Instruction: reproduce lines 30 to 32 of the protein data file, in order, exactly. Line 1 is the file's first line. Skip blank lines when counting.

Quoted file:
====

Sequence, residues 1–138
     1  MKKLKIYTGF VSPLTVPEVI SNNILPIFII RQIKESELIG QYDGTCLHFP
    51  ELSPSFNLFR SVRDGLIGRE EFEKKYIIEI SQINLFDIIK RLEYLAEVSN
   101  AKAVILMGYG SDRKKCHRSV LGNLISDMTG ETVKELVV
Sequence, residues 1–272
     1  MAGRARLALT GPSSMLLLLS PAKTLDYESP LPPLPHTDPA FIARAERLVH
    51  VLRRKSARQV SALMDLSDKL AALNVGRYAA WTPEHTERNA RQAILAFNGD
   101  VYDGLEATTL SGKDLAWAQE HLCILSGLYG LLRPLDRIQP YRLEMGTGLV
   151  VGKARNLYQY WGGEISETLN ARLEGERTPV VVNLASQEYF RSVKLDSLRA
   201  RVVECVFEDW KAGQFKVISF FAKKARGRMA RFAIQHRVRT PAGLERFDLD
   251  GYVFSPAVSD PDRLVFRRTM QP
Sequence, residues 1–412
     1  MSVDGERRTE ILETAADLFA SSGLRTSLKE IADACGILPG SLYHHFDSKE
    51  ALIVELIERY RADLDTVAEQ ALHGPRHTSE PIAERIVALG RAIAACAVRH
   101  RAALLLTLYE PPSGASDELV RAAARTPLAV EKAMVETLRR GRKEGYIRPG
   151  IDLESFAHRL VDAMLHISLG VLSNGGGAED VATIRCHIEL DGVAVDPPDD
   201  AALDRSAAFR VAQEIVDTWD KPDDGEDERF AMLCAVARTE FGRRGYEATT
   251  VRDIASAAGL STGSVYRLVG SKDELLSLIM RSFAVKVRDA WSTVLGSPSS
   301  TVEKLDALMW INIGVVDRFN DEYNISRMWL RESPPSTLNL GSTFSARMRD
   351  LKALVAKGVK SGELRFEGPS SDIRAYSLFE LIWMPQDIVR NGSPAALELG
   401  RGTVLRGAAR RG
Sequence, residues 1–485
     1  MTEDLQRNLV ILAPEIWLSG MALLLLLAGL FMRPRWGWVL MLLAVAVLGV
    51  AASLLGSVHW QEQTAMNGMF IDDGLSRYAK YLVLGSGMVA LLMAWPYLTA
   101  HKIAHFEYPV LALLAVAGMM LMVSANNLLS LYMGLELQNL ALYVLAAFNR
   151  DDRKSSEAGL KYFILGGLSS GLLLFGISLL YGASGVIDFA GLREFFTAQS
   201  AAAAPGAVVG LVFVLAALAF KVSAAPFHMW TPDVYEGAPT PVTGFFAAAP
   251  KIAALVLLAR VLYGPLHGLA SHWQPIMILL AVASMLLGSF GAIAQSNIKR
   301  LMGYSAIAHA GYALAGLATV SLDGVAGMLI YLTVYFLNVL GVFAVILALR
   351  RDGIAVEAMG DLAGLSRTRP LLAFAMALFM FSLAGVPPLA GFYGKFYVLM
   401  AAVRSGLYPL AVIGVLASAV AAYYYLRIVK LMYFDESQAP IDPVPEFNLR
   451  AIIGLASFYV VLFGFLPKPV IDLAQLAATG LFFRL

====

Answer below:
   351  RDGIAVEAMG DLAGLSRTRP LLAFAMALFM FSLAGVPPLA GFYGKFYVLM
   401  AAVRSGLYPL AVIGVLASAV AAYYYLRIVK LMYFDESQAP IDPVPEFNLR
   451  AIIGLASFYV VLFGFLPKPV IDLAQLAATG LFFRL